Do you feel like the local economy is in the crapper?
3 Comments

  • Spoony - 10 years ago

    It is all well and good that the restaurants are reporting an increase in revenue but the servers are still working 2 or 3 jobs to make payments on an overpriced apartment, probably in debt from student loans(80-120,000 on average), credit cards with astronomical interest rates, and drowning in a vehicle payment and insurance every month. If there is any money left for this average middle class 21-30 year old person(assuming no kids or family to support) it goes towards gas, groceries, utilities, car repairs/maintenance, etc. On top of that one must also find a way to afford healthcare and put money aside in savings. Granted many of the expenses are unavoidable and not unique to this time or recession, the average family income has decreased for the first time in over forty years! So as the cost of living continues to increase tenfold, the average working middle class American is expected to somehow make up the difference. This is just one example of how things aren't adding up in the current economy. I haven't even touched on the increasing national debt/future taxes, crumbling infrastructure, declining test scores among American students, or the worthless government bonds that will help catapult the nation into an even deeper recession and possible depression, I could go on and on unfortunately. For times sake I will not.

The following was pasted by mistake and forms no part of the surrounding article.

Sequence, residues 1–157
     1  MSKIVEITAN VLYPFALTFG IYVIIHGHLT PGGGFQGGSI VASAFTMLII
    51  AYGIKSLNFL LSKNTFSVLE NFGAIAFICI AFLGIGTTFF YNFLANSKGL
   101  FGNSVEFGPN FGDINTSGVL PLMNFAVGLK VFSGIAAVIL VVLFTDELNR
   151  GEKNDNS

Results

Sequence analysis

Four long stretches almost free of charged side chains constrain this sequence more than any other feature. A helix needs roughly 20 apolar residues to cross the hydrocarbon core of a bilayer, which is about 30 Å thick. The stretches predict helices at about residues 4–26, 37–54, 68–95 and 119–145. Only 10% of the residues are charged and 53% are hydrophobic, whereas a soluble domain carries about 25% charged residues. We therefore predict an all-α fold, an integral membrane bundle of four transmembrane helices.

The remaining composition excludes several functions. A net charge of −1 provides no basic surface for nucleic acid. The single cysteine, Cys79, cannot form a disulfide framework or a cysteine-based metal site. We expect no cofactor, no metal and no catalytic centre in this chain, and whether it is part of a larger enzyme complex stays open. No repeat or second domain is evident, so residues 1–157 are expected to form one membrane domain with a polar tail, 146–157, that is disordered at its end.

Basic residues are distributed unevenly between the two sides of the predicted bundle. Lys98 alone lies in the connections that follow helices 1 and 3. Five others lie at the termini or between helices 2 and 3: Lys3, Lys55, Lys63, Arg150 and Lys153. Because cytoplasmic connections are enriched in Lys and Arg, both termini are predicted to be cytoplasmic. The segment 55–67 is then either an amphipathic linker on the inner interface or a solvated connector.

• Mark Godfried - 10 years ago

    The general economic malaise besetting the country has aided Gloucester by keeping people on "staycations", limiting international travel, and keeping driving to a minimum. But move a few miles from the coast,go to NH or Maine, visit Rhode Island, and you'll see the despair this economy has caused.

    In addition the cruise ships as few as they may be, have been a huge shot in the arm to our merchants.

    Also, local blogs like this one have done a great promotional job for our community.

  • Joe Mechem - 10 years ago

    I've had the same observations. However, the unemployment numbers are real. And they are probably much worse then 8% since people who have stopped looking for a job are not included in that statistic. That's what makes this recession/depression so frustrating. All the outward signs don't necessarily reflect the problem. If you go "inland" you'll find many more stores that are vacant. And the housing market has a long way to recover.

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